Cognitive Development Effect
According to Lev Vygotsky, collaboration promotes cognitive growth because students model for each other more advanced ways of thinking than any would demonstrate individually. According to Jean Piaget, collaboration among peers hastens the decline of egocentrism and allows the development of more advanced ways of understanding and dealing with the world.
Cognitive Elaboration Effect
As we saw in Chapter 9, new information that is elaborated (restructured and related to existing knowledge) is more easily retrieved from memory than is information that is not elaborated. A particularly effective means of elaboration is explaining something to someone else.
Now that you are familiar with interpretations of motivation, it is time to consider in the Suggestions for Teaching that follow how the information and speculations you’ve learned can be converted into classroom practice.
The general idea behind cooperative learning is that by working in small heterogeneous groups (of four or five students total) and by helping one another master the various aspects of a particular task, students will be more motivated to learn, will learn more than if they had to work independently, and will forge stronger interpersonal relationships than they would by working alone.
There are several forms of cooperative learning, one of which is Student Team Learning. Student Team Learning techniques are built on the concepts of team reward, individual accountability, and equal opportunities for success. Team reward means that teams are not in competition with one another for limited rewards. All of the teams, some of them, or none of them may earn whatever rewards are made available depending on how well the team’s performance matches a predetermined standard. Individual accountability means that each member of the team must perform at a certain level (on a quiz, for example) for the team’s effort to be judged successful. It is not permissible for one team member’s above-average performance to compensate for another team member’s below-average performance. Finally, equal opportunities for success allow students of all ability levels to contribute to their team’s success by improving on their own past performances (Slavin, 1995).
Robert Slavin (1995), a leading exponent of cooperative learning, reports that cooperative learning produced significantly higher levels of achievement than did noncooperative arrangements in sixty-three of ninety-nine studies (64 percent). The results for the Student Team Learning programs have been the most consistently positive. Of particular relevance to this chapter are the findings that students who cooperate in learning are more apt to list as friends peers from different ethnic groups and are better able to take the perspective of a classmate than are students who do not work in cooperative groups.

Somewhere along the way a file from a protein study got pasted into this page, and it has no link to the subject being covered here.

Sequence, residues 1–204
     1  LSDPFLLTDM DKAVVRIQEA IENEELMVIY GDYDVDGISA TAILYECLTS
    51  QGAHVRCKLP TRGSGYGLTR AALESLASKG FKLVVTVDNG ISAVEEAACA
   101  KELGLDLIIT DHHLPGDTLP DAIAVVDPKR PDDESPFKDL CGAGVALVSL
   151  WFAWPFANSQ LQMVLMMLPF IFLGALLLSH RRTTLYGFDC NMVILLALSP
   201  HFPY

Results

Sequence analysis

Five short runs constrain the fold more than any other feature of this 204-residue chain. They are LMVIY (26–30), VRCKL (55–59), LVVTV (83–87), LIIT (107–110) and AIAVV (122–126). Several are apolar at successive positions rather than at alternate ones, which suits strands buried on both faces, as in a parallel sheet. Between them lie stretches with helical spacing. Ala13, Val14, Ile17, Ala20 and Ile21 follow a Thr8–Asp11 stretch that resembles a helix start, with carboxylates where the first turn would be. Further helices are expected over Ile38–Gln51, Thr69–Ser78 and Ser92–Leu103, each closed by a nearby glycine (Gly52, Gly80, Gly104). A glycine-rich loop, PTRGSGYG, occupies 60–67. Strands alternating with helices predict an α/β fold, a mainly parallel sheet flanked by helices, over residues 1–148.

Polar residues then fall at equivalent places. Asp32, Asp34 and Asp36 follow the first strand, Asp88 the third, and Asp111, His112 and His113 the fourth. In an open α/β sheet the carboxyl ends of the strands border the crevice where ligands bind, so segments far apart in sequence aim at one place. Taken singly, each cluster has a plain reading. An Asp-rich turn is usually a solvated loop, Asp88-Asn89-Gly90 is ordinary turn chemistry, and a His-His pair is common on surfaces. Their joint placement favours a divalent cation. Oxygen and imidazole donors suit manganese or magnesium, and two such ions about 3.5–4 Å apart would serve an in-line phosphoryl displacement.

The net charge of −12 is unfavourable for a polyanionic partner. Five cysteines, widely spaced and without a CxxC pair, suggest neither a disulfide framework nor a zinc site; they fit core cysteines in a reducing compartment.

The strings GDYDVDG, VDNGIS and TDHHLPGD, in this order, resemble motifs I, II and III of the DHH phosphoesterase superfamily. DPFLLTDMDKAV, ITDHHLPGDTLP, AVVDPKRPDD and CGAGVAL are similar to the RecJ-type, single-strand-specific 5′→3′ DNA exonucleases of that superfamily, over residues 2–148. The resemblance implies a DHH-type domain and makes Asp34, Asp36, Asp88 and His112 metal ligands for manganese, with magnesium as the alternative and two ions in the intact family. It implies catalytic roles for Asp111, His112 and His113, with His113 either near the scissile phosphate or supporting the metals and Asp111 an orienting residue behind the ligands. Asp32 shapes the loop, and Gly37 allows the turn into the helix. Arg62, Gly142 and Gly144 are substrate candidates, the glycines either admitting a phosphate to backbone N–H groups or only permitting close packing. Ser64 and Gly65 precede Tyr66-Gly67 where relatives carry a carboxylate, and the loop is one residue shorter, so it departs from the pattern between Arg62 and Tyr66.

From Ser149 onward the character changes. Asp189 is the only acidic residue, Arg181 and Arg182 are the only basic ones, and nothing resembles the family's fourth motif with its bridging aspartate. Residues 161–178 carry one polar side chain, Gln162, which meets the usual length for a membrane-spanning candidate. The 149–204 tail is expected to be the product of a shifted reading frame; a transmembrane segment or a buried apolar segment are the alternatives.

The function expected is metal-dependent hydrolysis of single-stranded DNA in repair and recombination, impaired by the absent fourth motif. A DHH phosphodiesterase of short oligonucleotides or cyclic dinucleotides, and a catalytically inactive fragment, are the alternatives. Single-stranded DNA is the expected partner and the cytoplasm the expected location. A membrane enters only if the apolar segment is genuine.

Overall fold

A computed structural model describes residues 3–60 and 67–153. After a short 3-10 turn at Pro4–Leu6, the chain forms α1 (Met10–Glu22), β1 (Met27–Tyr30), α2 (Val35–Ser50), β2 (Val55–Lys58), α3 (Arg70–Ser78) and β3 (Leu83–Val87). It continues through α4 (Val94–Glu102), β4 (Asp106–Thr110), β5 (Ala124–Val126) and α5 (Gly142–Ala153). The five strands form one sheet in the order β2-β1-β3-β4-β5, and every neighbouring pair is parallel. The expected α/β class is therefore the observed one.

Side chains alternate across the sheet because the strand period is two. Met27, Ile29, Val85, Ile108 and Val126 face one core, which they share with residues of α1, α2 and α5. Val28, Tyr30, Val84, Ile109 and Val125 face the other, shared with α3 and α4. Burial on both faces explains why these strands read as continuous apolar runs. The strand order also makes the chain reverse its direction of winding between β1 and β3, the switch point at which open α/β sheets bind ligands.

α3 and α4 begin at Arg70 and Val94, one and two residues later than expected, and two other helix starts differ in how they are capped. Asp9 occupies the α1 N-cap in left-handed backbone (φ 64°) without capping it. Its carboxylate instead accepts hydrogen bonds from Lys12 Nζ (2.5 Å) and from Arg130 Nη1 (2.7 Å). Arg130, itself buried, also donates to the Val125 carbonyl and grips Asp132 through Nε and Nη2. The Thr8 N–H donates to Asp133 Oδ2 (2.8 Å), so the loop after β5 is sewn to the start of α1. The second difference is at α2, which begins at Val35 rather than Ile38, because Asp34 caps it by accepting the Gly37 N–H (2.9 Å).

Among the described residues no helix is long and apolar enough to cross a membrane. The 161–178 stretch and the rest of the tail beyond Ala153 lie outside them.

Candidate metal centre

Although cooperative learning is a generally effective instructional tactic, it is likely to be particularly useful with Hispanic-American and Native American students. Children from both cultures often come from extended families that emphasize cooperation and sharing. Thus, these students may be more prepared than other individuals to work productively as part of a group by carrying out their own responsibilities as well as helping others do the same (Sadker & Sadker, 1991; Soldier, 1989).
Resources for Further Investigation
The New Circles of Learning: Cooperation in the Classroom and School (1994), by David Johnson, Roger Johnson, and Edythe Johnson Holubec is a brief (105 pages) and readable description of the basic elements of the authors’ version of cooperative learning.
In Cooperative Learning: Theory, Research, and Practice (2d ed., 1995), Robert Slavin describes the cooperative-learning techniques that he favors, analyzes the research evidence that supports their use, and provides detailed directions on how to use them.
Cooperative learning is sufficiently flexible that it can be used at all level of education. Four books that describe how to use cooperative methods for specific grade levels are Cooperative Learning in the Early Childhood Classroom (1991), by Harvey Foyle, Lawrence Lyman, and Sandra Thies; Cooperative Learning in the Elementary Classroom (1993), by Lawrence Lyman, Harvey Foyle, and Tara Azwell; Cooperative Learning in Middle-Level Schools (1991), by Jerry Rottier and Beverly Ogan; and Secondary Schools and Cooperative Learning (1995), edited by Jon Pederson and Annette Digby.
*Finally, a collection of forty-eight articles that originally appeared in the Journal of Educational Leadership between 1985 and 1991 can be found in Cooperative Learning and the Collaborative School (1991)